1x21 The Night of the Puppeteer
First Aired: Feb. 25, 1966 on CBS
Summary: A Supreme Court justice will not believe his life is in danger---until a puppet-show marionette fires a gun at him.
Main Characters in this Episode
- Goof (continuity error): SPOILER: When Artemus, Jim and Vivid exit the elevator the door opens outward on hinges like any ordinary door. Previously, when Jim and, later, Artie entered the elevator, the door slid open and closed like a conventional elevator door.
- Goof (revealing mistake): When West is shot in the opener he spreads his hand flat across his chest, presumably at the point of entry of whatever struck him. In the next act when he is aroused the doctor shows him a large long dart (comparable to a throwing dart) and declares that it was the dart that struck West. But nothing was sticking out of West's chest when he fell to the floor. Also, the dart was too big too have been fired from the bore of the puppet's weapon.
- Goof (factual errors): The Supreme Court of the United States is, strictly speaking, an appeals court, and does not commonly pass verdicts in the ordinary sense of the word. Instead, it upholds or overturns the decisions of lower courts. While it is true that overturning Skull's conviction in a lower court would have nullified the death sentence, the Supreme Court did not pass the sentence, although both Skull and Justice Chayne incorrectly spoke as if this were the case. (The possibility also exists for the Supreme Court to overturn a sentence while upholding a conviction; however, cases such as these only affect a sentence already passed by a lower court, so even in these examples, it is also not accurate to speak of the Supreme Court "passing sentence").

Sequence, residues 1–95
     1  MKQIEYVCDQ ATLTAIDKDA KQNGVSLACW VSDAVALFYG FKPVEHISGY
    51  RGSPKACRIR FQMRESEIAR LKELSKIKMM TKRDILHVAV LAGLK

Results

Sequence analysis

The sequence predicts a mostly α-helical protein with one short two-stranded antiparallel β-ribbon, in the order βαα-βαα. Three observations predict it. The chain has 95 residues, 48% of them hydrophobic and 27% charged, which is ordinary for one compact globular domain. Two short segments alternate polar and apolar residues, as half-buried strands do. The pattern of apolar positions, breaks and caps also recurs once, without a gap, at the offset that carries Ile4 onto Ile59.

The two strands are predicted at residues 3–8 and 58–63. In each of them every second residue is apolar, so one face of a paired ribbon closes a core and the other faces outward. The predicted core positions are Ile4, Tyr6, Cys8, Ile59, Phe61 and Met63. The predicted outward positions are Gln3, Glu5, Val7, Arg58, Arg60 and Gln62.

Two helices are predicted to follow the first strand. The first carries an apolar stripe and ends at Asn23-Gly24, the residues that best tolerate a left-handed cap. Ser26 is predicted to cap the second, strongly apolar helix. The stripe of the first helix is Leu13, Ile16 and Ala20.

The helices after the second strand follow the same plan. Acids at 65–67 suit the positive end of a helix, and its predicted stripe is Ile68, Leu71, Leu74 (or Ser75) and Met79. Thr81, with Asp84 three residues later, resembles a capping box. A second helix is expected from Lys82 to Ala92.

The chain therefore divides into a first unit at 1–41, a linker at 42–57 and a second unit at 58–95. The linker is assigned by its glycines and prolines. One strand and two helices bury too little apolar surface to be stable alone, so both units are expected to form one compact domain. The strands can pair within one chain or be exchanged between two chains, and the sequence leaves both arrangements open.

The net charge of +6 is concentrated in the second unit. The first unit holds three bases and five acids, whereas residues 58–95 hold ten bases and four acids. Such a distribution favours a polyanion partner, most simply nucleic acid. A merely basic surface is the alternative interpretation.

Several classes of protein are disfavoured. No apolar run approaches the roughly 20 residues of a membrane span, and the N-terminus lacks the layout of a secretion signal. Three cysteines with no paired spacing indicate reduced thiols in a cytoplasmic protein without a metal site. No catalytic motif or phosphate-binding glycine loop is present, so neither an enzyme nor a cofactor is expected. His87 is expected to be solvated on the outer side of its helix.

- Goof (continuity error): SPOILER: The distance from Skull's aerie to the elevator's lower door does not match the distance from the window at the top to the underwater explosion. The distance at the top is much farther away from the elevator shaft.
- Goof (anachronisms): The word "puppeteer" wasn't coined until about 1915.
- According to the introductory comments by Robert Conrad on the DVD set, the stark look of this episode (shot mostly on a dark soundstage with spotlights illuminating the action and highly stylized sets for the bench and jury box) was the vision of director Irving J. Moore.
- Although listed in the cast only as "Butler (uncredited)", the character played by Jack Tygett is referred to as "Pitney" by both Skull and West. The Waitress, played by Janis Hansen, says her name is Wilbur, but this name does not appear in the credits either.